IF you’re in a hole the first thing to do is stop digging. Yet, despite us being in the greatest environmental hole we have ever seen, the UK Government is on the verge of allowing the development of a new oil field off the coast of Shetland.

The proposal would see the drilling of 150 million barrels of oil. At a time when we are seeing climate targets being missed, and record temperatures being hit around the world, this would be nothing short of environmental vandalism.

Like the burning waters at the Mexican peninsula or the scorching heat waves that have enveloped across North America, it is symptomatic of a system that puts fossil fuel extraction and the maximisation of short-term profit above all else.

The climate emergency is the defining challenge of our age. Future generations deserve a future, and we need to act now if we are to ensure it. That means urgently ramping up clean energy production and phasing out fossil fuels as soon as possible.

A lot of the coverage of the crisis presents it as something that lies in the future, but it is already having a catastrophic impact. A study by the London School of Hygiene & Tropical Medicine found that thousands of people around the world are already dying of climate-change-related causes.

It is a global crisis that needs global solutions and co-ordination.

It is the biggest polluters that must take the biggest steps, whether they are governments or corporations. According to the Climate Accountability Institute, 20 companies alone account for one-third of all carbon emissions.

But the need for global action can’t be an excuse for individual governments and organisations to carry on with business as usual. Every community will be impacted, so we all have an interest in getting it right.

Over the last few weeks we have seen the brutal impact of flash flooding here in Edinburgh. Homes and businesses were flooded and damaged as we experienced two weeks worth of rain in only a few hours.

As the crisis worsens, these kinds of extreme weather events will only become more regular. And none of us wants to see that. So, whether it is the Edinburgh City Council, the Scottish Government or the UK Government, we all have a vital role to play.

It’s not just the environmental impact that will get worse through inaction. The financial costs will too. Every time that we delay meaningful action it means that the change we need to make will become even more severe and the timeframes even shorter.

Green technology has come a long way, and there are amazing scientific breakthroughs happening all the time, but the truth is that we already have a lot of the technology that can make a big difference. We just need to make better use of it.

The National: Stock image of a wind turbine

Far more can be invested in known technologies – rail, buses, bikes, home insulation, heat pumps, wind turbines, tidal turbines. It may not all be glamorous, but if governments do it now it can have a real practical impact.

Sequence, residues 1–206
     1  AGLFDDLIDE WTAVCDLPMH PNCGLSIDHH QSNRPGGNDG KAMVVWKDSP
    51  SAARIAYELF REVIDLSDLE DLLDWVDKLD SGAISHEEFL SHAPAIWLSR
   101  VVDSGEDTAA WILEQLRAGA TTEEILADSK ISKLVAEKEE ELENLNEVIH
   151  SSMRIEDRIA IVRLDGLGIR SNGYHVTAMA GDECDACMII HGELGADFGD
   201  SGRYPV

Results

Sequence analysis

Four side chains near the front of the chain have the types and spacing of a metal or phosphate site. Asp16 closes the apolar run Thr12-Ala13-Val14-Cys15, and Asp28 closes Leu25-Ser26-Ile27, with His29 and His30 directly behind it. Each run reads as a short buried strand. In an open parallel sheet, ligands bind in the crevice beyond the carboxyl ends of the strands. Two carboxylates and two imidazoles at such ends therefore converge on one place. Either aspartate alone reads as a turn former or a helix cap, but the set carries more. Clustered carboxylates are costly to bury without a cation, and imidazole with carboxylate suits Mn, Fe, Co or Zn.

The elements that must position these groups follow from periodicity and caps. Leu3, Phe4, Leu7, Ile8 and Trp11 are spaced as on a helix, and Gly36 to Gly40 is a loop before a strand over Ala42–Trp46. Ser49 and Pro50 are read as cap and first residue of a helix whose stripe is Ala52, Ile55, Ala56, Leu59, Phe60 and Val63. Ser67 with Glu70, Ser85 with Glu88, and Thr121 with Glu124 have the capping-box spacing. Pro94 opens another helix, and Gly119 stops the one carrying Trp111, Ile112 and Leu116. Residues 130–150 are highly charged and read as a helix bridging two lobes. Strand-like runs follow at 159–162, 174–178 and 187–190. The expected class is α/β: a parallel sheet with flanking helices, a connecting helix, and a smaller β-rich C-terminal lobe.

Taking Scotland for example, we have a huge wealth of resources available and can lead not just the UK but Europe when it comes to renewables. We must use devolution to its limits and challenge the short-sighted and irresponsible approach from Westminster. But we can do so much more than that. With the full powers of independence we could do far more to create a greener recovery and stop new oil fields.

The eyes of the world will be on Scotland this November when world leaders gather in Glasgow for the Cop26 climate conference. They need to ensure that they live up to the urgency of the situation and deliver the real and lasting climate action that we need. They need to have humility and offer real solutions, not just more hot air.

The last 15 months have shown how interlinked our lives are and how much we rely on one another. Unfortunately, we have also seen the catastrophic impact of waiting too long to take action. We cannot do that again.

This generation of political leaders has more knowledge at its fingertips than every other generation combined. They have the power and resources to leave a great and sustainable inheritance to future generations.

That is one reason why, despite everything, I remain stubbornly optimistic. Before I was elected to Holyrood I was an engineer in renewables. I have seen the massive impact that government support can have and the transformative things that people in the sector are capable of.

We are at a historic crossroads and need to live-up to the challenge. History books will be written about this era and the things that governments and corporations did or didn’t do. One thing they will definitely not look favourably on is giving permission for even more drilling when we already knew about the huge risks and the scale of the threat we were facing.

But it’s not just the drilling that we need to stop, it is the mindset and worldview which has allowed it to go on for so long.

If we are to avoid an irreversible crisis then there must be a just transition now. We need it locally, we need it nationally and we need it internationally. Further inaction will mean more high risk oil and gas extraction, more flash floods and ever-worsening heat waves. We can build the fairer, greener and more sustainable world that we want to see. It just needs the vision and the commitment to do it.

On Monday July 19, I will be speaking at a demonstration for StopCambo against the proposed oil drilling in Shetland. You can join us from 4pm outside the Scottish Parliament.